New design could make fiber communications more energy efficient
Researchers say a new discovery on a U.S. Army project for optoelectronic devices could help make optical fiber communications more energy efficient.
The University of Pennsylvania, Peking University and Massachusetts Institute of Technology worked on a project funded, in part by the Army Research Office, which is an element of U.S. Army Combat Capabilities Development Command's Army Research Laboratory. The research sought to develop a new design of optical devices that radiate light in a single direction. This single-sided radiation channel for light can be used in a wide array of optoelectronic applications to reduce energy loss in optical fiber networks and data centers. The journal Nature published the findings.
Light tends to flow in optical fibers along one direction, like water flows through a pipe. On-chip couplers are used to connect fibers to chips, where light signals are generated, amplified, or detected. While most light going through the coupler continues through to the fiber, some of the light travels in the opposite direction, leaking out.
A large part of energy consumption in data traffic is due to this radiation loss. Total data center energy consumption is two percent of the global electricity demand, and demand increases every year.
Previous studies consistently suggested that a minimum loss of 25 percent at each interface between optical fibers and chips was a theoretical upper bound that could not be surpassed. Because data centers require complex and interwoven systems of nodes, that 25-percent loss quickly multiplies as light travels through a network.
"You may need to pass five nodes (10 interfaces) to communicate with another server in a typical medium-sized data center, leading to a total loss of 95 percent if you use existing devices," said Jicheng Jin, University of Pennsylvania doctoral student. "In fact, extra energy and elements are needed to amplify and relay the signal again and again, which introduces noise, lowers signal-to-noise ratio, and, ultimately, reduces communication bandwidth."
After studying the system in more detail, the research team discovered that breaking left-right symmetry in their device could reduce the loss to zero.
"These exciting results have the potential to spur new research investments for Army systems," said Dr. Michael Gerhold, program manager, optoelectronics, Army Research Office. "Not only do the coupling efficiency advances have potential to improve data communications for commercial data centers, but the results carry huge impact for photonic systems where much lower intensity signals can be used for the same precision computation, making battery powered photonic computers possible."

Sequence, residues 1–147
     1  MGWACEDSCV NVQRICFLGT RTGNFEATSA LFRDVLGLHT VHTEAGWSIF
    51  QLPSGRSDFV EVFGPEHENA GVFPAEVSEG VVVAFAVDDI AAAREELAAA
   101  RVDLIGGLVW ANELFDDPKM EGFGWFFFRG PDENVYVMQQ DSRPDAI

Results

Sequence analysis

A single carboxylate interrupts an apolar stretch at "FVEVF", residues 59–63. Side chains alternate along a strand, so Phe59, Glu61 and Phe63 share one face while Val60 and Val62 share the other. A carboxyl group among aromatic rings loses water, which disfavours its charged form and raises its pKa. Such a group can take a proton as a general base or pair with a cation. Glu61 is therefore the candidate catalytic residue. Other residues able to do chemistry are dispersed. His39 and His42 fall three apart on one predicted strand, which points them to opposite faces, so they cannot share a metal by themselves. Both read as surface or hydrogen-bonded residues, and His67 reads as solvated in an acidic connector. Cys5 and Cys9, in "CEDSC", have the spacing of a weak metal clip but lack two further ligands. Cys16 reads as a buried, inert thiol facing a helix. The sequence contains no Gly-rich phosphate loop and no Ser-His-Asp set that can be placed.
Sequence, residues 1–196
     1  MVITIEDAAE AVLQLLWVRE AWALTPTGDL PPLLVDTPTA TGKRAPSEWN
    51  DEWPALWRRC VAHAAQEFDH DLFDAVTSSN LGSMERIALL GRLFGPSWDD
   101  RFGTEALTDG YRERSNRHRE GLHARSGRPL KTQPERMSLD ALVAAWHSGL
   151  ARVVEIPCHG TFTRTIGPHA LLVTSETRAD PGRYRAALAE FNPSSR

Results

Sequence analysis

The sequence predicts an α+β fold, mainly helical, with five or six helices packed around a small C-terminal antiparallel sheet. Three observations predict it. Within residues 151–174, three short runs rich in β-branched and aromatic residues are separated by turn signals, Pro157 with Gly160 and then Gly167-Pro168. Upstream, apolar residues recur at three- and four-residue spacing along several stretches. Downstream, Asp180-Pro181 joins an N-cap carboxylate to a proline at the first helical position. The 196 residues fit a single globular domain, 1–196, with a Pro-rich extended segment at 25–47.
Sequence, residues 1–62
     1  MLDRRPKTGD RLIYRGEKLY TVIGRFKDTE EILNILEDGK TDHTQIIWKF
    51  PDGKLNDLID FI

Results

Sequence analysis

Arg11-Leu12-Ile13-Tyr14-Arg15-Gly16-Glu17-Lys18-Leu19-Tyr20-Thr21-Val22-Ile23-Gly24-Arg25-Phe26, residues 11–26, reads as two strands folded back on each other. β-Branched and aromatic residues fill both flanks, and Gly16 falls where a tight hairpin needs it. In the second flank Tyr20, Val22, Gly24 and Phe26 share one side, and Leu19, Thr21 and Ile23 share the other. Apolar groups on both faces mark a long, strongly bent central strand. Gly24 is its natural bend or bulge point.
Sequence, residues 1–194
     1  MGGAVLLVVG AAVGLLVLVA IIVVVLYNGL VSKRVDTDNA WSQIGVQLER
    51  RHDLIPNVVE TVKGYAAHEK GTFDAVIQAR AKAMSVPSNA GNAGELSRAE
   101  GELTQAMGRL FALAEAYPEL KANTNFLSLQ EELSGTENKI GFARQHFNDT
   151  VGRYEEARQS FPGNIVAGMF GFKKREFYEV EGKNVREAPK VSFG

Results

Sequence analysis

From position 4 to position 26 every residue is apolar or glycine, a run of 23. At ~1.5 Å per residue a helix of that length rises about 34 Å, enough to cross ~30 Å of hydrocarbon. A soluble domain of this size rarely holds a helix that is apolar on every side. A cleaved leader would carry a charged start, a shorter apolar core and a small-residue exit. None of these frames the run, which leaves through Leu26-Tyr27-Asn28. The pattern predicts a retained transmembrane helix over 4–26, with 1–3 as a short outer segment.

To better understand this phenomenon, the team developed a theory based on topological charges. Topological charges forbid radiation in a specific direction. For a coupler with both up-down and left-right symmetries, there is one charge on each side, forbidding the radiation in the vertical direction.
"Imagine it as two-part glue," said Bo Zhen, assistant professor, department of physics and astronomy at University of Pennsylvania. "By breaking the left-right symmetry, the topological charge is split into two half charges—the two-part glue is separated so each part can flow. By breaking the up-down symmetry, each part flows differently on the top and the bottom, so the two-part glue combines only on the bottom, eliminating radiation in that direction. It's like a leaky pipe has been fixed with a topological two-part glue."
The team eventually settled on a design with a series of slanted bars, which break left-right and up-down symmetries at the same time. To fabricate such structures, they developed a novel etching method: silicon chips were placed on a wedge-like substrate, allowing etching to occur at a slanted angle. In comparison, standard etchers can only create vertical side walls. As a future step, the team hopes to further develop this etching technique to be compatible with existing foundry processes and also to come up with an even simpler design for etching.
The authors expect applications both in helping light travel more efficiently at short distances, such as between an optical fiber cable and a chip in a server, and over longer distances, such as long-range Lidar systems.